Fuel tanks jettisoned by US jets in Vietnam War recycled by locals

Fuel tanks jettisoned by US jets in Vietnam War repurposed by locals

Photo story (Clockwise from top left): (1) A jettisoned US jet fuel tank has been repurposed and being operated by a local Vietnamese (2) Many other jettisoned tanks recycled by locals to be used as usable motor boats (3) Similar jettisoned US jet fuel tanks still unmodified waiting to be converted along with other war time military scrap (4) The label on the fighter jet fuel tank reads Royal Jet, Inc., Alhambra California tank fuel aircraft external removable.   

The 20 year long Vietnam War was the incessant Cold war era proxy war fought between U.S. led anti communist countries and USSR led communist countries in Vietnam from 1st November 1955 to 30th April 1975. US supported South Vietnamese forces had around 1,830,000 soldiers and the Russian supported North Vietnam had approximately 461,000 soldiers. The war caused huge human cost; with 480,538-807,564 soldiers & civilians of South Vietnam and its allies dead, of whom 58,220 were US soldiers, and 451,462-1,166,462 soldiers & civilians of North Vietnam and its allies dead. As the US could not reach the objective of preventing communist expansion in Vietnam, it is considered that they have lost the war. The US Air Force carried out 5.25 million air raids over North Vietnam, South Vietnam, Cambodia and Laos; and lost 2,251 aircrafts in the process.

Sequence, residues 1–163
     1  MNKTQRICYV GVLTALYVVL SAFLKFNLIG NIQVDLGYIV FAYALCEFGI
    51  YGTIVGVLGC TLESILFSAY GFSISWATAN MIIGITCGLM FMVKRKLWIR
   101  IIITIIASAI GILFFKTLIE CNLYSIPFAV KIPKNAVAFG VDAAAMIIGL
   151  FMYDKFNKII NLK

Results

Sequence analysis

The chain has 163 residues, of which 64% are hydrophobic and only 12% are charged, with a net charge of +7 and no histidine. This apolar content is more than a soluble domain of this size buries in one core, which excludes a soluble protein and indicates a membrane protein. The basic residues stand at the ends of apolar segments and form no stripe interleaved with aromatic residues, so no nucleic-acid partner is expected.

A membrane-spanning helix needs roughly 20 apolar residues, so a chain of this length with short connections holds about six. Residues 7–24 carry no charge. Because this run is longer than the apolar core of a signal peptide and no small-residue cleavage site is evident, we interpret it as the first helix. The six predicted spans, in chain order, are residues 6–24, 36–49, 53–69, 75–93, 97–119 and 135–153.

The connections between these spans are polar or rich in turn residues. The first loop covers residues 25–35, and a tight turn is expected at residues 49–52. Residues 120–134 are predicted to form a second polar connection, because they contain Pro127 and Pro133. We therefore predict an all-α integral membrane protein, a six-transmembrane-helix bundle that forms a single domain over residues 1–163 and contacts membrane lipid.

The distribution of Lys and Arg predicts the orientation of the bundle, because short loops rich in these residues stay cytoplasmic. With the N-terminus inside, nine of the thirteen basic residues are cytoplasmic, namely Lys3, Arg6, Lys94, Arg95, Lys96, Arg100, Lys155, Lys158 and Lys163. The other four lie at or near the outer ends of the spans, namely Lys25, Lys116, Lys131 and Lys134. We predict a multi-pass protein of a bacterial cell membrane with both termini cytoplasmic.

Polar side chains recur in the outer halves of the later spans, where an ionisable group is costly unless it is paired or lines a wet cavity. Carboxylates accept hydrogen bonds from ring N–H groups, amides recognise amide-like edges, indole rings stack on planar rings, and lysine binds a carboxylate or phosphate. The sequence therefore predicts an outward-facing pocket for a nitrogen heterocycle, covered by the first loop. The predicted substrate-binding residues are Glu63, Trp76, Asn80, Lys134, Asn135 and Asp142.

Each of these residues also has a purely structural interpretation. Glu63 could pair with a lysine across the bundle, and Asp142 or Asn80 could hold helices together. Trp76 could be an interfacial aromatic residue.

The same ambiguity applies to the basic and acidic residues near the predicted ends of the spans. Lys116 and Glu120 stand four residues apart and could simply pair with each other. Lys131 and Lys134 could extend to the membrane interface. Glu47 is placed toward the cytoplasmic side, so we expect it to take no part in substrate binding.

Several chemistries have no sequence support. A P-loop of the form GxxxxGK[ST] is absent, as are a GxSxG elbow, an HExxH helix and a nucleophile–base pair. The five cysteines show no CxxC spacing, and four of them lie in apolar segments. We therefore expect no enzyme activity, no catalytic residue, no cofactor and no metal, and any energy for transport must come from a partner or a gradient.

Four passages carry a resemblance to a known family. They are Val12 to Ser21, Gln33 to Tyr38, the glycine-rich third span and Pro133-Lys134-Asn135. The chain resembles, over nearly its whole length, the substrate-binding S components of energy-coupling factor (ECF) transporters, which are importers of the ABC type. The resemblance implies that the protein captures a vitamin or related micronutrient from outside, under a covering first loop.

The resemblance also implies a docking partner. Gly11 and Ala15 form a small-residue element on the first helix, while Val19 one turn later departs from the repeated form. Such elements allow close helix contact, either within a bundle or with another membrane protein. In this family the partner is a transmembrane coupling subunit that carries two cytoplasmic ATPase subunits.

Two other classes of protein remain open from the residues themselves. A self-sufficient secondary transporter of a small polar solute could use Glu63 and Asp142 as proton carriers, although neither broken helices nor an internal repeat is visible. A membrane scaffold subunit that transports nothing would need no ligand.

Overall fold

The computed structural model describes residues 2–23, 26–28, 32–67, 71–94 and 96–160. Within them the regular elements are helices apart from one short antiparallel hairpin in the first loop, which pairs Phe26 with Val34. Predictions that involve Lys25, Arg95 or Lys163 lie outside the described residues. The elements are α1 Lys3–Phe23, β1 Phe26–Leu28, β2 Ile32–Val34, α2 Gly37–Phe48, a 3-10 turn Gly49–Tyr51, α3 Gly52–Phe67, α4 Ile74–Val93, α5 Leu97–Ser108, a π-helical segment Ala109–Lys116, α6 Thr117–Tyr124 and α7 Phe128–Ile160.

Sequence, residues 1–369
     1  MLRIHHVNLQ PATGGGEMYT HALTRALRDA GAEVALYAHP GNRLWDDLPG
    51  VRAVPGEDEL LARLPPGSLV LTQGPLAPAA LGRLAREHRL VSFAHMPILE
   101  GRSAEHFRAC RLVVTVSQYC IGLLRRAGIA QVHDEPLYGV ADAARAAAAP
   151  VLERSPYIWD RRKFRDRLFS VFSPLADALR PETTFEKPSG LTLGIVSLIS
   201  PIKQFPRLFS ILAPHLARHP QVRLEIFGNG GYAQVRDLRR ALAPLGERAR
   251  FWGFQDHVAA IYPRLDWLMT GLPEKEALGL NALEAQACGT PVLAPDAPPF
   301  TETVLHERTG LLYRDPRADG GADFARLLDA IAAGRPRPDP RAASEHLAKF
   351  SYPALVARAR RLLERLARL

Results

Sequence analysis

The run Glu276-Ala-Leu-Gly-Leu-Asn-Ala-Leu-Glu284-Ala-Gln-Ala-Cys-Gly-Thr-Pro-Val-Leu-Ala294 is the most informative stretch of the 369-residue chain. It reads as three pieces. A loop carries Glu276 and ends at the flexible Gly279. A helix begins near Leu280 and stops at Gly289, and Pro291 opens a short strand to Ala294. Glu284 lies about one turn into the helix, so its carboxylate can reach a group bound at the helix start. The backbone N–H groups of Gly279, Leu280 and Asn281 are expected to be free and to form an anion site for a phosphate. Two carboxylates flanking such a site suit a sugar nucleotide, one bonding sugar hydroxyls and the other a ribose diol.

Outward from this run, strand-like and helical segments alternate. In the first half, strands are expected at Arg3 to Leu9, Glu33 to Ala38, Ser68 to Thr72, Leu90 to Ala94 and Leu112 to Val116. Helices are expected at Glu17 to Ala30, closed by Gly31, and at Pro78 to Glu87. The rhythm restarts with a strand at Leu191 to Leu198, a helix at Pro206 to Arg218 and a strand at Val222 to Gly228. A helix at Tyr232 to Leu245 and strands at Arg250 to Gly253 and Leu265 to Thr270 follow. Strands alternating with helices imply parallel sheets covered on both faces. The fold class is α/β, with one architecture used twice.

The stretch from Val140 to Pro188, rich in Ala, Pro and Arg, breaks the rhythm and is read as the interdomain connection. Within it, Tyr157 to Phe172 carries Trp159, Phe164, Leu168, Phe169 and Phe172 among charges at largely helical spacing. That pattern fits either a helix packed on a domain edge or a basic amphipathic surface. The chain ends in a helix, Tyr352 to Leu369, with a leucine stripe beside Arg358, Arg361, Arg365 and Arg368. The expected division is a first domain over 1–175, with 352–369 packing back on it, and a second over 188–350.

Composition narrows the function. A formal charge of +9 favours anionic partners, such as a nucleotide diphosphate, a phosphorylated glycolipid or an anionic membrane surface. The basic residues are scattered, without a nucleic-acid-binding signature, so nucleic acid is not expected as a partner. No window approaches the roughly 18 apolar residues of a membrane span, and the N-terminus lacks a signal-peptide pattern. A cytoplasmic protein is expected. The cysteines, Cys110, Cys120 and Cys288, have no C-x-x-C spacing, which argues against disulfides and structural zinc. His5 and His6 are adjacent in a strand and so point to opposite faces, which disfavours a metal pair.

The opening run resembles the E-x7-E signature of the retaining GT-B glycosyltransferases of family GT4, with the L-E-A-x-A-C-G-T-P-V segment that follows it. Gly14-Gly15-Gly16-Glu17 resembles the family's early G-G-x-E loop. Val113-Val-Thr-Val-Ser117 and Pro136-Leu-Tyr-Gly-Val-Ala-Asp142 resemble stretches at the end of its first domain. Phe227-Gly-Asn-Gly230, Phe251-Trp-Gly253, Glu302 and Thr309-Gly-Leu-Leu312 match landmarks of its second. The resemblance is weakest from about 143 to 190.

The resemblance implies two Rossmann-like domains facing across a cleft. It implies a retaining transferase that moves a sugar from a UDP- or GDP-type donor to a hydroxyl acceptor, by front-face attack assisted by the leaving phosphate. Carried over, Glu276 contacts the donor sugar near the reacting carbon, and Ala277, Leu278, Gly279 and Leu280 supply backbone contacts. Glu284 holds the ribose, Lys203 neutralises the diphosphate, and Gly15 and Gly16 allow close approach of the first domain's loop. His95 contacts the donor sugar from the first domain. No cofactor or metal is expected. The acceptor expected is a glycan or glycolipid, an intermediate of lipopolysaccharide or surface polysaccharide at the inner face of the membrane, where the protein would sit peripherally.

For military aircrafts, external fuel tanks are vitally important as they contribute additional fuel to integrated internal fuel tanks and extend the endurance of the fighter jets and bombers. Tactical fighter jet aircrafts heavily depend on the JP-8 jet fuel loaded on the additional external fuel tanks though they can be refueled by aerial fuel tankers during flight.

Video story: An F-15E Strike Eagles aircraft receives fuel from a KC 135R Strato-tanker during an assignment over Persian Gulf on 30th August 2013.

However, jet aircraft maneuverability is greatly reduced and additional drag is produced due to carrying the additional weight of the auxiliary fuel tanks. Jettison means discarding, abandoning, throwing or ejecting cargo from aircraft, ship or vehicle. During wartime combats these external fuel tanks are jettisoned when these become empty or as soon as the airplane requires to accelerate and increase maneuverability against enemy fighter aircrafts or to dodge a SAM, surface to air missile.

Freelance journalist David Cenciotti’s famous aviation weblog, The Aviationist reported that the several thousand jet fuel tanks which were jettisoned over Southeast Asia, especially in Vietnam, during the Vietnam War had been recycled by the locals into serviceable motor boats which look quite similar to the traditional watercrafts. It’s a good example of recycling wartime military trash.

Mohammad Rafi Saad

Mohammad Rafi Saad is one of the authors writing for WAR HISTORY ONLINE